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     In this Instructable I will show you how to change the brake pads on a newer model motorcycle.  These instructions are only intended for hydraulic disk brakes and should only be performed by someone with at least a general understanding of basic motorcycle maintenance.  These also only apply to those with Japanese bikes as I have very little experience with Chinese or American motorcycles.   Be sure to check with your local dealer to make sure your bike doesn't require anything additional that may not be covered here.  Also this is not entirely complete, I could not get the new brake pads in soon enough to meet my deadline so all of the pictures will be of the old brake pads.   *Bike being used is a 2004 Honda VT1100*

Step 1: Gathering Tools Required

     Before beginning you should gather all the tools needed in order to reduce the amount of time spent on this project.  You will need; a flat head screw driver, a 5mm hex wrench, and your new brake pads. 
     I would recommend using high performance brake pads, as pictured below, if financially feasible because of the extra stopping power and extended life.  A hex wrench is also known as an allen wrench which is also pictured below.

Step 2: Removing the Screw Protecting the Pin

     Once you have gathered your tools and moved your motorcycle to a safe location you can begin.  Position the bike on a flat paved surface with plenty of room for you to maneuver around the front wheel.  If you have a center stand put the bike up on that but if your particular motorcycle does not have one, the side stand will work just fine.  Also if working on blacktop make sure you are parked in the shade as the stand can sink into the blacktop and create an unsafe working environment. 
     The first thing you want to do is locate a flat head plug located in the bottom right side of the brake assembly as pictured below.  Use the screw driver to remove this plug and set it aside in a safe place.  Be careful once you have removed it because it is rather small and can be lost very easily.

Step 3: Removing Pin

After the plug is removed it is time to take out the pin holding the pads in.  If you look into the hole you just revealed you should see a small 5mm hex bolt.  Take a hex wrench and unscrew the pin as far as it will go.  After you are done unscrewing it gently pull the rest of the pin out and set aside in a safe place.  Make sure to be careful once you pull the pin out as the brake pads tend to just fall out with this pin removed.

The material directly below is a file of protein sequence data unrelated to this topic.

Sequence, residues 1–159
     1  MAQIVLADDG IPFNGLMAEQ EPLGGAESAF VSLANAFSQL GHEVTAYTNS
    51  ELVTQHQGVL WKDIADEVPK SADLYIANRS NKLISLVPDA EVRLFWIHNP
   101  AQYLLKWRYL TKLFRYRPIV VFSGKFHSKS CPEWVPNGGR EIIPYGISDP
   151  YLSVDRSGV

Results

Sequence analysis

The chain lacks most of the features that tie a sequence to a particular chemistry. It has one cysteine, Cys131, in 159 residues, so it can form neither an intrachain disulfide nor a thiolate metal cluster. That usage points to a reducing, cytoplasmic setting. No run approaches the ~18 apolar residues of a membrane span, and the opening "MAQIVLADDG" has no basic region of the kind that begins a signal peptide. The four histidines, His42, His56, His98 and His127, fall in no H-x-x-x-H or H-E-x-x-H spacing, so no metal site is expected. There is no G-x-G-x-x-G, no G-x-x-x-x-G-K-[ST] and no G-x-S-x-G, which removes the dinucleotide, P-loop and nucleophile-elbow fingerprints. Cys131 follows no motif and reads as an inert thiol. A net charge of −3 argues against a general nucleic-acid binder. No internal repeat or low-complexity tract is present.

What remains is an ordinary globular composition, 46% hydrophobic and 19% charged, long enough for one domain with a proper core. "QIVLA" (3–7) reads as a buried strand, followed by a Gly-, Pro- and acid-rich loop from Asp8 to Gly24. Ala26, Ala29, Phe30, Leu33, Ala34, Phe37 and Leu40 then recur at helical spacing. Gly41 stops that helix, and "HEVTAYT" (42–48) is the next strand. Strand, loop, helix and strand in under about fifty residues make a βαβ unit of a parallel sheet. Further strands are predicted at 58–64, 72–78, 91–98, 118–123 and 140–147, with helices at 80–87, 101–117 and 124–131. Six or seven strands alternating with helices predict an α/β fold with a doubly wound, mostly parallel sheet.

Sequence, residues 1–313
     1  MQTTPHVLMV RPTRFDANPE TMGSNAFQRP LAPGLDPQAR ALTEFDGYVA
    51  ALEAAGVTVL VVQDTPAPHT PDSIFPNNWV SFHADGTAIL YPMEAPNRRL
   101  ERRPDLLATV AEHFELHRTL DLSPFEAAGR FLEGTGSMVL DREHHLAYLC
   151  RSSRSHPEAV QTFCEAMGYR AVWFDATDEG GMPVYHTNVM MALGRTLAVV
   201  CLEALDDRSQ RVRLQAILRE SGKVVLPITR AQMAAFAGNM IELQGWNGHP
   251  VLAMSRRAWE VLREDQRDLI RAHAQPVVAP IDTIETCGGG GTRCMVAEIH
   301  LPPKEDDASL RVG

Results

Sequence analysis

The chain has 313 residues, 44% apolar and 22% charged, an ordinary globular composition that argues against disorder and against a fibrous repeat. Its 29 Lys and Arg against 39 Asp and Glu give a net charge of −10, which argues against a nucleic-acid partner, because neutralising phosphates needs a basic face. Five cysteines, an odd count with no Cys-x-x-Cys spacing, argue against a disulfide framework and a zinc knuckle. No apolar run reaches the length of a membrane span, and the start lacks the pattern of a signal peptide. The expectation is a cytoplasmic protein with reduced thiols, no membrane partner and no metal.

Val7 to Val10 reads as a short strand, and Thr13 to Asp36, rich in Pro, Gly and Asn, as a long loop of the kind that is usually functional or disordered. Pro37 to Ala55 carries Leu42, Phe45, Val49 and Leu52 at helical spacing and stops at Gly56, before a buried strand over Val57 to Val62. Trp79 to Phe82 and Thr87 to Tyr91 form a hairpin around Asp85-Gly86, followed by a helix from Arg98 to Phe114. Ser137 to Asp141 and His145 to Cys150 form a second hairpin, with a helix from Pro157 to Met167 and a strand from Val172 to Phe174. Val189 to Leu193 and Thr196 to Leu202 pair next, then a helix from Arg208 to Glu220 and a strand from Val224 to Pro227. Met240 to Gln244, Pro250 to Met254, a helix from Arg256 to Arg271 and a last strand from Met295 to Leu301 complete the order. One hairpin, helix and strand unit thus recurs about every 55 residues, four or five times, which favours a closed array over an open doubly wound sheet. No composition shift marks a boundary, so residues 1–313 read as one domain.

Step 4: Removing the Pads

     When the pin is taken out the pads are only connected to the bike by friction so if they are well worn they may fall out on their own.  If they stay in place just tug a little bit on the bottom until they break free.  Once they are free you should check them to see how worn they are and make a note of how many miles you drove with them for future reference.
     While your hands are anywhere near the brake assembly DO NOT compress the brake in any way as this could severely injure yourself or damage your bike.

Step 5: Compare the Old Pads to the New Ones

     When you have freed the old pads and removed them from the assembly set them next to one another to ensure that they are the same size and shape.  If they differ in any way call your local dealership and make sure you have the correct size.  Also be careful not to let any dirt or grime get on the new pads as this could damage the disk or shorten the life of the pad dramatically.

Step 6: Inserting the New Pads

     After you are sure you have the correct pads it is time to insert the new ones into the brake assembly.  This step is simple but can be kind of a pain due to the intricate nature of the brake pad.  Start the the left pad so you can insert the pin into it to hold it up when working on the right one. 
      You will need to slide the new pad back up into the assembly and try and get the hooks and notches positioned correctly.  When it is correctly installed the hole at the bottom must be level with the the hole the pin goes into.  It also has to be flush with the rest of the assembly along the disk so run your hand down the disk to check this before installing the pin again.  There is also a metal tab as pictured below that helps hold the pads in but can be pulled back to make the install easier.

Step 7: Finishing the Install

     Once you have put the new pads into the brake assembly screw the pin back in until it is tight enough that it will not dislodge itself during riding.  After the pin is securely fastened replace the plug as mentioned in step 2.  Once everything is re-assembled roll your motorcycle back and forth applying different pressures on the brake to ensure that they are working properly.  Also, when going on the road for the first time try stopping abruptly to make sure your brakes will perform well in an emergency situation. 
Nice job - your disc looks like it might benefit from a skimming?<br /><br />L<br />

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